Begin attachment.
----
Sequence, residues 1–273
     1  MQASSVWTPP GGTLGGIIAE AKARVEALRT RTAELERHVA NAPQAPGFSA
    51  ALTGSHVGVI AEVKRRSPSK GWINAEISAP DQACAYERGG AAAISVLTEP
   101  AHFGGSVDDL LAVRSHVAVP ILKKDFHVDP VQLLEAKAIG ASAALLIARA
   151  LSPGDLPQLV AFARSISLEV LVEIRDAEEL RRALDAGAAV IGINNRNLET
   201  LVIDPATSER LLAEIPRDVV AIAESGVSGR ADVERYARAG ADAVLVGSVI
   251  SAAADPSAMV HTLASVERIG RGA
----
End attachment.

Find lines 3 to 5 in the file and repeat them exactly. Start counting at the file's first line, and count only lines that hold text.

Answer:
    51  ALTGSHVGVI AEVKRRSPSK GWINAEISAP DQACAYERGG AAAISVLTEP
   101  AHFGGSVDDL LAVRSHVAVP ILKKDFHVDP VQLLEAKAIG ASAALLIARA
   151  LSPGDLPQLV AFARSISLEV LVEIRDAEEL RRALDAGAAV IGINNRNLET